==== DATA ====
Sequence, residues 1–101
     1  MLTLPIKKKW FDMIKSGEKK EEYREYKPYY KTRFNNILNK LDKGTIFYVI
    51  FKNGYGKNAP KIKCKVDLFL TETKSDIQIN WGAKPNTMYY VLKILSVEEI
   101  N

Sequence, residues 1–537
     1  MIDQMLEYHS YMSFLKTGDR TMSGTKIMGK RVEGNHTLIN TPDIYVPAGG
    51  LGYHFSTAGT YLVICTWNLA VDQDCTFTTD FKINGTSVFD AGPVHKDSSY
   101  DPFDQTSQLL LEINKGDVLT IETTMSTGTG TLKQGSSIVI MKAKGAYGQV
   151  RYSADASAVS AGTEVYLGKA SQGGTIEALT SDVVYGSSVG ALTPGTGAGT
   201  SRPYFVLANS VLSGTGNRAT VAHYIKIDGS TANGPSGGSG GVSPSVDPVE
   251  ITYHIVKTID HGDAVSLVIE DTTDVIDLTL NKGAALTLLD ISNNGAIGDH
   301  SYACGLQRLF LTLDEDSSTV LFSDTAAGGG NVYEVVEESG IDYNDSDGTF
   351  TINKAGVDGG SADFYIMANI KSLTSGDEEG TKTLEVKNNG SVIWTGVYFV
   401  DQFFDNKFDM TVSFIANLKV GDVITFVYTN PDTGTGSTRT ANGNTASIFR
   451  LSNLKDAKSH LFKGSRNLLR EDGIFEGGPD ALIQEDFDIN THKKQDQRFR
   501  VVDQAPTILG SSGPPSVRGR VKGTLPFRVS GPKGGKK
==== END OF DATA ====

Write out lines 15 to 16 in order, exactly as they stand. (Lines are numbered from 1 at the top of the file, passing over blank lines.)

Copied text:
   451  LSNLKDAKSH LFKGSRNLLR EDGIFEGGPD ALIQEDFDIN THKKQDQRFR
   501  VVDQAPTILG SSGPPSVRGR VKGTLPFRVS GPKGGKK